There are few worse feelings in life than loneliness. In fact, it’s epidemic, and linked to poor mental and physical health. Luckily, for bookworms, we have shelves full of books that can help alleviate that feeling – a temporary salve at least. Here are ten books to read when you feel lonely.

10 Books To Read When You Feel Lonely - Book List - Keeping Up With The Penguins
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Eleanor Oliphant Is Completely Fine by Gail Honeyman

Eleanor Oliphant Is Completely Fine - Gail Honeyman - Book Laid on Wooden Table - Keeping Up With The Penguins

Eleanor Oliphant has basically made loneliness her whole personality – not that she’d describe herself as lonely. She’s ‘completely fine’, as the title suggests, with her work and her pizza and vodka nights and her weekly conversations with Mummy. Over the course of Eleanor Oliphant Is Completely Fine, though, she discovers that true human connection is not impossible, and there are people who can see beyond her eccentricities. This is one of the books to read when you feel lonely because, if an odd duck like Eleanor can overcome it, so can you. Read my full review of Eleanor Oliphant Is Completely Fine here.

The Thursday Murder Club by Richard Osman

The Thursday Murder Club - Richard Osman - Keeping Up With The Penguins

The Thursday Murder Club is a books to read when you feel lonely two-fer: it’s got a group of friends that will warm your heart and make you laugh, and a murder mystery that will keep you intrigued and distracted. Elizabeth, Joyce, Ibrahim and Ron enjoy investigating unsolved murders as a hobby, but when one occurs right underneath their noses in their retirement village, their skills are put to the test. They’re an unlikely gang of armchair detectives, but they’ve got a few tricks up their sleeves. Plus, there’s a few sequels that come after this one, and books are one of the few healthy binges that can help you deal with loneliness.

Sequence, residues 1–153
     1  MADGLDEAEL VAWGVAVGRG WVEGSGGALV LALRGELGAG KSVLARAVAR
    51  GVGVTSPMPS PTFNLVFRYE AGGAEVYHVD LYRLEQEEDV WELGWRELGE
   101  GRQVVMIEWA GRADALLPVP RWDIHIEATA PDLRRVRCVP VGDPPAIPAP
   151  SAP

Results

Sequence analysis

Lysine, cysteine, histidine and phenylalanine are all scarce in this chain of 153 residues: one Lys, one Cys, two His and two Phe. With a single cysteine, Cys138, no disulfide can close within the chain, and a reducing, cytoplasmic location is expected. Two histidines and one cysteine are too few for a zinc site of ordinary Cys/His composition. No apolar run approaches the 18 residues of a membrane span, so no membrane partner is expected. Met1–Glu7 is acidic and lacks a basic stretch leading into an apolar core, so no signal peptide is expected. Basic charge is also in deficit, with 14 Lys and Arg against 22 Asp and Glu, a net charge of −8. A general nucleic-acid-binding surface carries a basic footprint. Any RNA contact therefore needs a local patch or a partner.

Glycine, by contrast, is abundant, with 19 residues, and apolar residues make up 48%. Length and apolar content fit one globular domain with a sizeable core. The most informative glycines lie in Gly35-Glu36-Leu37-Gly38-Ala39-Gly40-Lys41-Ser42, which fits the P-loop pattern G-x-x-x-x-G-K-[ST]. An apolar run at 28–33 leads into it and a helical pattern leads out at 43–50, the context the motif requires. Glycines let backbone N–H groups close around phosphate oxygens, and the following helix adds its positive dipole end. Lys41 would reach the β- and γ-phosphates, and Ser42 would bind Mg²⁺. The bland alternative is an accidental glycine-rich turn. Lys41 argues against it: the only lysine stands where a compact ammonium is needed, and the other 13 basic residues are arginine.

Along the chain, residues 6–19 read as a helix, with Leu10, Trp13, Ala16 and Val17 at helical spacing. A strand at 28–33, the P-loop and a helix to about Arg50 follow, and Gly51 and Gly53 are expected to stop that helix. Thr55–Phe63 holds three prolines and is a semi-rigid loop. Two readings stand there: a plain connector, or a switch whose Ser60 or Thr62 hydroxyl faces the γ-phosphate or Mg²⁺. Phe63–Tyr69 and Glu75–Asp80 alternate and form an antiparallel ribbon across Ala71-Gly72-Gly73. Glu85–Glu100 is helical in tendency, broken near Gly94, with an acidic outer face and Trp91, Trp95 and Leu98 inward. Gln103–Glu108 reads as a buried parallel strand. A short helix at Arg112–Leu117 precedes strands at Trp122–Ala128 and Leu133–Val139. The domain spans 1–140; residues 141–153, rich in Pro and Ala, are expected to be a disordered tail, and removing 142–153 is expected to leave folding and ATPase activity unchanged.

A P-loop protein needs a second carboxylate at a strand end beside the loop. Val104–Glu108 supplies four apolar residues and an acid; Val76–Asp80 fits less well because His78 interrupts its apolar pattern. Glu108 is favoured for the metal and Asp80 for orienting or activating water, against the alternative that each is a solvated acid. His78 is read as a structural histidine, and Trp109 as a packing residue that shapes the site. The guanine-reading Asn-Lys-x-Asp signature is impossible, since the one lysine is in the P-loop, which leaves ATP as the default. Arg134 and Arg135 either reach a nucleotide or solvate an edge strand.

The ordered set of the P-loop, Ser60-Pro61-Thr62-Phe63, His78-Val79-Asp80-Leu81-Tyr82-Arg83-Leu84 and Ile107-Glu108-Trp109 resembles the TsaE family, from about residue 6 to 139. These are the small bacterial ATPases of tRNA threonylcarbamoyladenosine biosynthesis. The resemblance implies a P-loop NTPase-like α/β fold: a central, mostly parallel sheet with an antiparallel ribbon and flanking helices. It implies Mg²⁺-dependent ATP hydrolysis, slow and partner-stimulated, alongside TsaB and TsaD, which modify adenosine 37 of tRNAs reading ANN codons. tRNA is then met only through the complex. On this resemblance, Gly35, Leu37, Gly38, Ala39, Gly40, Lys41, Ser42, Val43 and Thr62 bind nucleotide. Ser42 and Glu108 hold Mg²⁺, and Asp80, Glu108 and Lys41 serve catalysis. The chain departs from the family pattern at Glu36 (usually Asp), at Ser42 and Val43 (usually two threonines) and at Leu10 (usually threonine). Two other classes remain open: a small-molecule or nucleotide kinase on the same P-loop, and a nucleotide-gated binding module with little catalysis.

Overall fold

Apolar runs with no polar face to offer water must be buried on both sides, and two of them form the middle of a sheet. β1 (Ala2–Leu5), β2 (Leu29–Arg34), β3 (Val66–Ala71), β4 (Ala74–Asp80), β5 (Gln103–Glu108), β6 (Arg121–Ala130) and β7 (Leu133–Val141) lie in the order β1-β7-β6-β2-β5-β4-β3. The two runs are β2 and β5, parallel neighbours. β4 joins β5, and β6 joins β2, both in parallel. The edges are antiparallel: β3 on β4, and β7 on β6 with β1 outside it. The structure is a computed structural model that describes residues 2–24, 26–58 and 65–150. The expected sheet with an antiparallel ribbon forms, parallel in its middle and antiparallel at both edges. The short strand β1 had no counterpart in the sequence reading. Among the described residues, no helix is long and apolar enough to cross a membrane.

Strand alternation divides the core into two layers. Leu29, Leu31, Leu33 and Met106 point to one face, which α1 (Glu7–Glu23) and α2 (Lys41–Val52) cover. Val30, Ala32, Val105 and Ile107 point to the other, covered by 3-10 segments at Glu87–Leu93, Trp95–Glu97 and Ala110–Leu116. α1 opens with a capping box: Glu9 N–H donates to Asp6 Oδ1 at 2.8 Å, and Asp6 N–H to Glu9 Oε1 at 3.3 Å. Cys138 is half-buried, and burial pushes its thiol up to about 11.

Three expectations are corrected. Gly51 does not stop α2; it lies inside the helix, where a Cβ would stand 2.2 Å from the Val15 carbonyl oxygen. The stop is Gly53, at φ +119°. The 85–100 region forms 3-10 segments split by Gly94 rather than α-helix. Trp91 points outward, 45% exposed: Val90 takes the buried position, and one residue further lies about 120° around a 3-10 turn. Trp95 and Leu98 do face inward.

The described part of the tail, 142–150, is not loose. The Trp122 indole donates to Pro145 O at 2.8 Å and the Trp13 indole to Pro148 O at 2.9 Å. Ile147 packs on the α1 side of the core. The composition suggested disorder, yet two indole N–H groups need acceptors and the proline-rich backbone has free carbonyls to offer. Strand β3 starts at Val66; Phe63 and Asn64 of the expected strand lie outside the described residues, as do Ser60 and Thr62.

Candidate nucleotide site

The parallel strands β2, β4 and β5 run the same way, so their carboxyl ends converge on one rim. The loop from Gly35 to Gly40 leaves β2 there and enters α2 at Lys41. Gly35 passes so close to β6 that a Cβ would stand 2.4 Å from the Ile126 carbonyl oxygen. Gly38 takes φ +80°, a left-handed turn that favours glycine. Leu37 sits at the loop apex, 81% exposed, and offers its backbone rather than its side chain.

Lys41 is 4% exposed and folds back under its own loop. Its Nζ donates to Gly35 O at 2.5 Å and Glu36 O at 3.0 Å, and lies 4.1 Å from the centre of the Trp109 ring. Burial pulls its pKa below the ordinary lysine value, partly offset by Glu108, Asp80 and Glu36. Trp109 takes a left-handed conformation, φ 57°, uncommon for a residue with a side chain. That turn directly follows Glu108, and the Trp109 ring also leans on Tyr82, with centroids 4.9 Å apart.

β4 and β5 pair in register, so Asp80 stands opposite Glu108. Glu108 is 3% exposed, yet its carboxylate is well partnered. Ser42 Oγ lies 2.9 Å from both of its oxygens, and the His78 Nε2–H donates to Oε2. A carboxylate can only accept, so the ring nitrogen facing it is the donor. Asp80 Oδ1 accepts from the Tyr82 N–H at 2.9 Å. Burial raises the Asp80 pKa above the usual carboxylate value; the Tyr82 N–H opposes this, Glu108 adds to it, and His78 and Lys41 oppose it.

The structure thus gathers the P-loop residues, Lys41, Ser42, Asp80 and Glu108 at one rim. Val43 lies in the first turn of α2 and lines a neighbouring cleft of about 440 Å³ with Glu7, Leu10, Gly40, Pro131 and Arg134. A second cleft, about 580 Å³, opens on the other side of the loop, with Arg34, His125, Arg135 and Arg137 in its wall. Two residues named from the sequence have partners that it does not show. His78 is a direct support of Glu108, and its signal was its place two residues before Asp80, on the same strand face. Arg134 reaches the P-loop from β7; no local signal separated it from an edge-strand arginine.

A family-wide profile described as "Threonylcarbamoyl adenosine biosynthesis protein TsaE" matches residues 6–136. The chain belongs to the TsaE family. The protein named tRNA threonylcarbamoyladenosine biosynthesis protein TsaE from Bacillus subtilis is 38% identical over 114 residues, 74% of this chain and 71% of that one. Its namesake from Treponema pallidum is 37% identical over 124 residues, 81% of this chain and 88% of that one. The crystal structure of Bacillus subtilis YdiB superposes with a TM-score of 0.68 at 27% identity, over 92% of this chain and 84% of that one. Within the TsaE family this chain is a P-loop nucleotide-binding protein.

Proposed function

Everything I Know About Love by Dolly Alderton

Everything I Know About Love - Dolly Alderton - Keeping Up With The Penguins

One of the most accessible solutions to loneliness is a good chat with a good friend. If one of those isn’t forthcoming, the next best thing is reading a memoir like Everything I Know About Love. Dolly Alderton is disarmingly frank, a bit of a mess but a loveable one, and reading her memoir is like listening to a friend tell you a bunch of stories about her life over a glass of wine (or five). She’s even got a couple of recipes to give you, along with some advice for navigating early adulthood and cautionary tales.

The Martian by Andy Weir